Like a has-been rock band reduced to playing county fairs, our sad spectacle of a president is cranking out his greatest hits in a bizarre, cringy effort to please his hardcore fans.
You want angry, all-caps tweets attacking ethnic minorities and women? You got it.
You came to hear boasting about his amazing response to a pandemic that has killed 225,000 Americans? It’s on the set list.
You’re stomping your feet and whistling for a semi-coherent, furious lashing out at liberals and the fake-news media? Dude, we’re talking encore.
All that’s missing is a drunk guy holding up his cigarette lighter and screaming, “Free Bird!”
With less than a week remaining in his haphazard campaign of trying to convince Americans that everything is just fine, our self-pitying president is embracing the philosophies of the past. And none of those tactics is more old school than the infamous Southern Strategy, which originated in the 1960s.
You see, the Southern Strategy represented “the GOP’s concerted effort to appeal to white voters by focusing on racial issues.” This approach “worked very well for the Republican Party” by persuading “white working-class voters that the Democratic Party didn’t care about them.”
Nixon, Reagan, and Bush Sr. all ran some variation of the Southern Strategy, and all of them won. Indeed, some experts contend that by convincing white voters that ethnic minorities are a direct threat, the GOP created “the most successful strategy in the history of modern politics.”
But today, the Republican Party is beyond being merely indifferent to ethnic minorities. It is actively hostile. The GOP’s membership, which is nearly 90 percent white, can only “envision carnage and extinction as it looks upon a rights-based, religious, racial, and ideologically diverse America.”
Even while ditching all their supposed principles and so-called conservative values, “the one thing that the party has stayed true to is its reliance on the politics of race and racism.” Indeed, Republicans have become experts at addressing their “core members’ desire to maintain a white-centric American society,” and in so doing, they have guaranteed that “white fear has become the unalloyed rallying cry of Trump’s bid for a second term.”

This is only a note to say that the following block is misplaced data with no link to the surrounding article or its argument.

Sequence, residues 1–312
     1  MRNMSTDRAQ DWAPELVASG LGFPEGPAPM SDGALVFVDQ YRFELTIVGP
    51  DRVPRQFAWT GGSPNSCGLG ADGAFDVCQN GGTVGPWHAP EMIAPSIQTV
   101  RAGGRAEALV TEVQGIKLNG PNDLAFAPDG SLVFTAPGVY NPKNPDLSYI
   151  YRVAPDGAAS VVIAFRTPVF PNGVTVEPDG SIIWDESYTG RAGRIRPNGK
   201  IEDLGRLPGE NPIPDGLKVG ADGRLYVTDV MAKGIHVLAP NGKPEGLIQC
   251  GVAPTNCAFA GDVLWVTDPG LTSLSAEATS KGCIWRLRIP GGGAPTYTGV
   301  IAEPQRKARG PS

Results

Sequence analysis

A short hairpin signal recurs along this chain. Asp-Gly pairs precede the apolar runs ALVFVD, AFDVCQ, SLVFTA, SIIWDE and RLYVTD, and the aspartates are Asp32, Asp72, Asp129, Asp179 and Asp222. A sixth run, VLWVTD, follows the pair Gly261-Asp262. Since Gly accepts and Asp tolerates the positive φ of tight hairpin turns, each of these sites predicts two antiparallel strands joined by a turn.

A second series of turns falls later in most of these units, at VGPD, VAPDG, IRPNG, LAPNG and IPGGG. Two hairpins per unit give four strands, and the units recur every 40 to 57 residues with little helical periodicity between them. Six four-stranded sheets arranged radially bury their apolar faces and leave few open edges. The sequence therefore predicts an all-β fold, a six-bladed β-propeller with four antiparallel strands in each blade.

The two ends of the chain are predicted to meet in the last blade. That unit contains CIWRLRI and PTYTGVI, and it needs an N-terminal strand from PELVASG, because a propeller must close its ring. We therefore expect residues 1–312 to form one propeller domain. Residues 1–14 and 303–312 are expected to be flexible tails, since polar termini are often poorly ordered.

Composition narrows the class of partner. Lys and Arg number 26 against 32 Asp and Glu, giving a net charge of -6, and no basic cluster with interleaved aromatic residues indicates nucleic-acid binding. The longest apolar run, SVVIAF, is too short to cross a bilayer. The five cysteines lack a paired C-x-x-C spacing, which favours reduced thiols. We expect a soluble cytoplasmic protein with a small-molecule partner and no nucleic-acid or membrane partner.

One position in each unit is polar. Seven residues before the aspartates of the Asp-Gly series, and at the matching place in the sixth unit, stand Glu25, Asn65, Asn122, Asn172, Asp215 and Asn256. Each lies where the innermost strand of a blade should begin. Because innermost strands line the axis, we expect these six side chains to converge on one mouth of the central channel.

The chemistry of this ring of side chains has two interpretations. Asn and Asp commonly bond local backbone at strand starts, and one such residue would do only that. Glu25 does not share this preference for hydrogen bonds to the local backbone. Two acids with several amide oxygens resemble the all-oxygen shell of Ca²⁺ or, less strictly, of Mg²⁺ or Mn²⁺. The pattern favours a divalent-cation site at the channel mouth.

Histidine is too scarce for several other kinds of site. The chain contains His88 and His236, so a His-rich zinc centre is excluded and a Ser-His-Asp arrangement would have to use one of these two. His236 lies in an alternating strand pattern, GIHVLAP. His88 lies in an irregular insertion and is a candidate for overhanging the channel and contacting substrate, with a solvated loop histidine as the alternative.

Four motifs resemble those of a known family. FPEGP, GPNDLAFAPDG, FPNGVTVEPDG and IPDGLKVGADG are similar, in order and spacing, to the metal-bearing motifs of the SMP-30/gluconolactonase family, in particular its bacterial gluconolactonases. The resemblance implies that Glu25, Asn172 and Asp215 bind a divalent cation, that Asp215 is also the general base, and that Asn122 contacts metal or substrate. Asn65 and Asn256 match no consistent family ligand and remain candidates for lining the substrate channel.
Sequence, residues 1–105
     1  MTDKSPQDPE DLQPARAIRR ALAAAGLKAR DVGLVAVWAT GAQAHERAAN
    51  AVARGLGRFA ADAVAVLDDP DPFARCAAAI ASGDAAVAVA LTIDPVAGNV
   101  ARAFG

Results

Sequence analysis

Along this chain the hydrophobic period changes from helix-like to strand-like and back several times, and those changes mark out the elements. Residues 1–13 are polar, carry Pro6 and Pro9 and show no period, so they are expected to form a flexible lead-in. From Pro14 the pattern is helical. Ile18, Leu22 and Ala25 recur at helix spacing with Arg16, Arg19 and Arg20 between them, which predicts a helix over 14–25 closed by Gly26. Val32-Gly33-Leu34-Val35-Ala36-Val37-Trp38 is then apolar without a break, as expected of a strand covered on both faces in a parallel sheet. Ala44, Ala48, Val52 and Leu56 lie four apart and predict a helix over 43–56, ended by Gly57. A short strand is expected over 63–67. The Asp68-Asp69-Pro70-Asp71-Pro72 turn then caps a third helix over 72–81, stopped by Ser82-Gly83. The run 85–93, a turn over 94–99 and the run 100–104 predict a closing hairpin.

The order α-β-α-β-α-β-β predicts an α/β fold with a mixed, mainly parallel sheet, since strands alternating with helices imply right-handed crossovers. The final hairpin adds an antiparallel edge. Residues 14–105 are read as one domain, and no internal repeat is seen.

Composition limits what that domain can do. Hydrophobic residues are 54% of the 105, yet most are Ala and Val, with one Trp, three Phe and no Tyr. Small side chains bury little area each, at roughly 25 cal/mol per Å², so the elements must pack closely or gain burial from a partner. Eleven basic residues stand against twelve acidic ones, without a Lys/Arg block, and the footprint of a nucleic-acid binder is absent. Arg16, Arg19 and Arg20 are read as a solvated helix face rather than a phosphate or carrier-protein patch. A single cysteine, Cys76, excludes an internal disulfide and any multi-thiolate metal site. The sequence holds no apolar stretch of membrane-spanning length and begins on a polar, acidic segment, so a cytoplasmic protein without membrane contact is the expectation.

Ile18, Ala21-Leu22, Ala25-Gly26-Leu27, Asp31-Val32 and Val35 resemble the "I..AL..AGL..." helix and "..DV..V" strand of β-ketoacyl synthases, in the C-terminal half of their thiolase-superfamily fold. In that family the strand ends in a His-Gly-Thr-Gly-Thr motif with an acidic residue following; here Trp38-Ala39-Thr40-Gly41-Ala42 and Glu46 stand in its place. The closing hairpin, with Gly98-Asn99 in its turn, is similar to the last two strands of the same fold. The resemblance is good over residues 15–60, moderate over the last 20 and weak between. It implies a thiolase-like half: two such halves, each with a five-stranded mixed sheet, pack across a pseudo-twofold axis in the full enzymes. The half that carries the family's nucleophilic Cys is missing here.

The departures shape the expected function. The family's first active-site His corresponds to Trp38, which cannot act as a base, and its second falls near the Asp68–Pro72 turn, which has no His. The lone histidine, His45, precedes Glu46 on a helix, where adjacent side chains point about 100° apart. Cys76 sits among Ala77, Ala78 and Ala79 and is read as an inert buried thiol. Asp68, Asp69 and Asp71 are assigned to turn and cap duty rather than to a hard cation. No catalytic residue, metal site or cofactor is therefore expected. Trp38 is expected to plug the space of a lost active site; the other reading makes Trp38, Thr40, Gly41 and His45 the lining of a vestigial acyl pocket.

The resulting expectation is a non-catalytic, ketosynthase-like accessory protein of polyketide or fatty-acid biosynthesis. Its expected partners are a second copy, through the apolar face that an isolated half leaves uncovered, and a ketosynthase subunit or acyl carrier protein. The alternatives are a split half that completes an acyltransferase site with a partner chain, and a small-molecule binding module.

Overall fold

Hey, you can’t blame Trump and the GOP for going with a formula that has worked for half a century. But it’s possible, just maybe, that the Southern Strategy is at last dying a slow, miserable death.
Witness the fact that “instead of ushering in a golden age of prosperity and a return to the cultural conservatism of the 1950s, Trump’s presidency has radicalized millions of white Americans who were previously inclined to dismiss systemic racism as a myth.” In other words, ranting and raving about scary dark-skinned people is actually backfiring for Trump.
This is potentially historic, because “there has never been an anti-racist majority in American history.” However, we may be witnessing the origin of such a culture “in the racially and socioeconomically diverse coalition of voters radicalized by the abrupt transition from the hope of the Obama era to the cruelty of the Trump age.”
So why is this happening now? What has changed since 2016?
First, the country is becoming younger and more racially diverse each year. You see, there are very few 25-year-old Latinos who are eager to disenfranchise themselves and demonize their friends just so rural white people can feel better about themselves. Younger, multiethnic people are disgusted with the Republican Party, and who can blame them?
Second, the continued rampage of COVID-19 has convinced many Americans that re-electing a bragging huckster who doesn’t understand basic science may not be the best way to, you know, actually stay alive. So they’re taking a hard pass on his promises to save the suburbs from imaginary threats, when real danger is just a sneeze away.
Third, although many white Americans historically “didn’t see how racism hurt them” and were willing to look the other way if Republicans cut their taxes, that ploy doesn’t work when citizens are petrified that the country is coming apart. Lots of white people aren’t so much woke as pleading for the protests to just stop already. And if it means getting rid of a fire-bombing chief executive who makes every situation ten times worse, so be it.
Fourth, it’s become clear that for many Americans, overt racism is just too much. Yes, conservatives could deny bigotry in their party when it was coded and subtle. But “Trump is practically forcing voters to take sides on racism,” and many of them are unable to justify their unjustifiable behavior anymore.
Because of all these factors, and no doubt many more, we now we have a situation where a tired old man is bellowing about the good old days to a bunch of deluded Baby Boomers. Meanwhile, the rest of the country is thinking, “That’s so 1978.”
If the polls are correct, Americans will reject this malignant philosophy next week. And perhaps we can bury the Southern Strategy at last.
Featured image: Ariana Drehsler/AFP